Stating the Government would implement the power connection scheme in urban areas on the lines of the Rajiv Gandhi Grameena Vidyutikarana (RGGV) scheme, he said the Government would provide power connection at the cost of Rs 125 to poor families in towns.

where the INDIRAMMA programme was launched last year. This new scheme would be implemented with the State Government's funds. UNI


Siasat

10 detained for aiding Maoists in Orissa

Bhubaneswar, May 16 : At least 10 people have been detained by police in Orissa's Mayurbhanj district for allegedly aiding Maoist rebels in the region, a police official said Wednesday.

Raids were carried out in various places in the past two days and people have been detained for questioning, district police chief Sanjay Singh told IANS.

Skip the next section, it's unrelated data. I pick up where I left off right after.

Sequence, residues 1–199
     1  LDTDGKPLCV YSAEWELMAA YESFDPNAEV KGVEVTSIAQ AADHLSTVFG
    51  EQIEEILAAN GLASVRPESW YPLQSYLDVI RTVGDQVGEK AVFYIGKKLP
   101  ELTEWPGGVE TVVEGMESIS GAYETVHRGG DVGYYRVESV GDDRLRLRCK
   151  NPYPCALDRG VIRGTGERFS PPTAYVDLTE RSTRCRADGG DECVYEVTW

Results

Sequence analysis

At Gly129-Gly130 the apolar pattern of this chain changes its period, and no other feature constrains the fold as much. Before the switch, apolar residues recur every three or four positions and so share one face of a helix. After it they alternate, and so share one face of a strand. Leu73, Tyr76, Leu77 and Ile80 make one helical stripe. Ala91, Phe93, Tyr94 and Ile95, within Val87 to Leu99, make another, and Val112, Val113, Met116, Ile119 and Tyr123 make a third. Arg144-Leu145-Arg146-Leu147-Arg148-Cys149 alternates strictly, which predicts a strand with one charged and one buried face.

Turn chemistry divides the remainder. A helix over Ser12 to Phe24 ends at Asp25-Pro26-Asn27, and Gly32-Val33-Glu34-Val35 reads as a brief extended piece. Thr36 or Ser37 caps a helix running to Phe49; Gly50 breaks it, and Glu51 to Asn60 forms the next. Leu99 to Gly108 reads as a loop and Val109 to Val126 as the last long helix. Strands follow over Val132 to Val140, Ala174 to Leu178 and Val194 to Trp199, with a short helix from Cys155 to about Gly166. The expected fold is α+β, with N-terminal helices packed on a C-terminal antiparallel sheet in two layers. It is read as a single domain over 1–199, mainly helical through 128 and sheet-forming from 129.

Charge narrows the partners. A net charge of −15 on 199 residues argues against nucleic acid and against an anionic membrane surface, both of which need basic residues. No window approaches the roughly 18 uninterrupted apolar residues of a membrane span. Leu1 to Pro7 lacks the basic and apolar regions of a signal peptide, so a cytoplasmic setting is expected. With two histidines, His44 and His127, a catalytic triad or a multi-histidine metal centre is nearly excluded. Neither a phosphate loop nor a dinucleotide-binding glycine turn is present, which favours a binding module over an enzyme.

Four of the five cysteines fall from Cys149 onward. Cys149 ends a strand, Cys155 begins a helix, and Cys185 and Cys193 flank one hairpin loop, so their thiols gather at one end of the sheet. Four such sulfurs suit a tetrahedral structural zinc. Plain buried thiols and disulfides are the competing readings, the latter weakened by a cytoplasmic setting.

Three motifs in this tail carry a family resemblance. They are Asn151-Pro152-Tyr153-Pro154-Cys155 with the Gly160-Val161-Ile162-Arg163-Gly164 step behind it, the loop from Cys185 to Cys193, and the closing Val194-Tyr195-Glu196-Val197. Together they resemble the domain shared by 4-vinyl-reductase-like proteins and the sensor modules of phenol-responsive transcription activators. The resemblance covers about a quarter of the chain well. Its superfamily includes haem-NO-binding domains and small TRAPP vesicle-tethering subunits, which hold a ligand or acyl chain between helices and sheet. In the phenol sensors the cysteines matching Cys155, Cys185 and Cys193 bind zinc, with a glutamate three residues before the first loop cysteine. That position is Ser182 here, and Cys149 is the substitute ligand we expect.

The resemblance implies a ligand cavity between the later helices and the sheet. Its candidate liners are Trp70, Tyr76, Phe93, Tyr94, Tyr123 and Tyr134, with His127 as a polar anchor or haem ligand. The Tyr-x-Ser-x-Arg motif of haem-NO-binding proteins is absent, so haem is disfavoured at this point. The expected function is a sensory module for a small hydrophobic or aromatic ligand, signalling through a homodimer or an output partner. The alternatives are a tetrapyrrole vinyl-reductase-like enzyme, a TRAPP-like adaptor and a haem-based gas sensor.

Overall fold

On May 9, Maoist rebels had set ablaze a forest post and killed Rabindranath Patra, a forest official at Sadagada village in Mayurbhanj, around 300 km from here.

"We have nabbed the 10 people for questioning to help us nab the culprits," the official said.

"They are suspected to be helping the Maoists. We will interrogate them to find out whether they are directly involved in the murder of the forest official," he said.

--- IANS

Naxalites demand abandonment of SEZs

Naxalbari (West Bengal), May 16 : On the occasion of the 40th anniversary of the Naxalbari uprising, the Communist Party of India (Marxist-Leninist) has demanded abandonment of the Special Economic Zone (SEZ) Act of 2005, saying it is an anti-peasant and pro-capitalist policy.

"The SEZ Act is completely unwanted and unnecessary. It is an anti-peasant, anti-development piece of legislation, which has no validity. So, we demand that it should be scrapped. We are against any kind of land acquisition. In such land acquisition attempts by whichever government, we are siding with the peasants," said Dipankar Bhattacharya, All-India General Secretary, CPI-ML.